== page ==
This exhibition makes up part of the season Plataformas de la Vanguardia en España (Avant-garde Platforms in Spain), organised by the Centro de Documentación of the Museo Nacional Centro de Arte Reina Sofía, with the aim of re-examining galleries and the most salient names in the study and dissemination of contemporary Spanish art. On this occasion, a large number of documents (photographs, journals, catalogues, etc.) have been brought together to facilitate the reconstruction of the undertakings of the Madrid gallery Multitud (1974-1978) and the exhibitions it housed.
According to the art critic, Eugenio Carmona, the gallery was designed to “unmask the falseness of the approaches surrounding Spanish art and recover a lost consciousness”. Orígenes de la vanguardia española (1920-1936), the gallery's first exhibition, held in 1974, was defined by the members of the Multitud outfit (Paco Rocha, Miguel Ángel Fernández, María Paz Pérez Piñán) as being “like the corner of a street, or the clock tower in a plaza, that with everyone's help can reconstruct forgotten encounters.” The gallery's interest in recognising the culture of the República must also be mentioned. The exhibitions Crónica de la pintura española de postguerra: 1940-1960 (October-November, 1976), Carlos Sáez de Tejada. Exposición antológica 1897-1958 (November, 1977) and Ramón Gaya (May, 1978) represent the organisers' and collaborators' determination to turn the gallery into a meeting place for people and two periods of recent history, as well as their efforts to ensure their projects were not politicised.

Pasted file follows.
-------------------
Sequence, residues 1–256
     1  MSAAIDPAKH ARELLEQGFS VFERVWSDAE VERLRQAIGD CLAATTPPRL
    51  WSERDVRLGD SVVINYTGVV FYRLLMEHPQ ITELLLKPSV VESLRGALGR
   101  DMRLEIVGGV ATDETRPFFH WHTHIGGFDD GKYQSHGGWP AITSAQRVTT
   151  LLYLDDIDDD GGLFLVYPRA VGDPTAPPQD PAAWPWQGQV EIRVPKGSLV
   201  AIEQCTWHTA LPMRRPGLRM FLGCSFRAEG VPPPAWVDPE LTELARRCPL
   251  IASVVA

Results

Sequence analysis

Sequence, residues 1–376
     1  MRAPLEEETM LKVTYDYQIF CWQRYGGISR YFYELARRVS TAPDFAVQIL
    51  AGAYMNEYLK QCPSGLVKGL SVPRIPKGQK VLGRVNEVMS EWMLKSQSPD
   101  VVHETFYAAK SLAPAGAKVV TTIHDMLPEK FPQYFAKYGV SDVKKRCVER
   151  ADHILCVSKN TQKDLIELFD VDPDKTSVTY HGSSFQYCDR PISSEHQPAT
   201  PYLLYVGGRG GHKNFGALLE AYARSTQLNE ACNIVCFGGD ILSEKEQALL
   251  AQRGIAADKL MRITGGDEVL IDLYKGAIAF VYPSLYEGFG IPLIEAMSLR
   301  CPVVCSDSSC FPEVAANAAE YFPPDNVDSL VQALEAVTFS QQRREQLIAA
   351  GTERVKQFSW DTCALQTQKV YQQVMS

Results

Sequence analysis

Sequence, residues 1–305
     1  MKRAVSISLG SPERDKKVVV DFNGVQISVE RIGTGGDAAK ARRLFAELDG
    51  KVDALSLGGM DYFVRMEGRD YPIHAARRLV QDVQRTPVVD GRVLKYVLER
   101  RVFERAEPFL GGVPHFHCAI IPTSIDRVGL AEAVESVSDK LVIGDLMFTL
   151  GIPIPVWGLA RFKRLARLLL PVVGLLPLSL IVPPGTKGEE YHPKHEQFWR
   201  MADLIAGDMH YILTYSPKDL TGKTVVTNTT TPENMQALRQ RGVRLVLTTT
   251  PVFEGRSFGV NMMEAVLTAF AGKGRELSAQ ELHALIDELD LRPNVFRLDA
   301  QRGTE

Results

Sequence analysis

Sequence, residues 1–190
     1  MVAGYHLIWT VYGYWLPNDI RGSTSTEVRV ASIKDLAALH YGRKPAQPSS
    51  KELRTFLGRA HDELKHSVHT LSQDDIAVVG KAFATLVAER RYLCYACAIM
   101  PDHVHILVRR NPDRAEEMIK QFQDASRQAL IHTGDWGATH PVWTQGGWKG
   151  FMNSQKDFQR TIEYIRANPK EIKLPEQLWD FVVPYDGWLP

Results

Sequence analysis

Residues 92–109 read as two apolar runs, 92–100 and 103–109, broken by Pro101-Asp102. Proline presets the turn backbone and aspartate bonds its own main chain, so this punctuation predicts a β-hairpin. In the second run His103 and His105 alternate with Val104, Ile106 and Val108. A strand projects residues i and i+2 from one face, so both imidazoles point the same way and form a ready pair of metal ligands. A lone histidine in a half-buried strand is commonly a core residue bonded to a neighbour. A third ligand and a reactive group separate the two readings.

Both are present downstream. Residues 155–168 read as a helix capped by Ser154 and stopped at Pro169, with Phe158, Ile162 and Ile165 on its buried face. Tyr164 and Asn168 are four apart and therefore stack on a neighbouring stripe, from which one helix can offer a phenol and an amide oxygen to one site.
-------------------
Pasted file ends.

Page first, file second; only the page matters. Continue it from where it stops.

The Multitud gallery's explosion on the Spanish art scene had an impact on the sphere of art criticism, historiography and institution, thus explaining Carmona's claims that it “surpassed the typology of an art gallery” after becoming an exhibition centre and alternative space, even “constituting a platform for demanding a new awareness of twentieth-century cultural traditions in Spain's plastic arts.”
The origins of the Multitud spirit can be traced back to Alfonso E. Pérez Sánchez, the teacher of the majority of the gallery's creators who opened their eyes to mostly obscure artists and books. Without prejudice, and with a significant critical determination, they put forward highly lucid re-readings of diverse artistic trends and set out to recover movements such as Surrealism and Cubism, or artists such as Maruja Mallo and Leandre Cristòfol.
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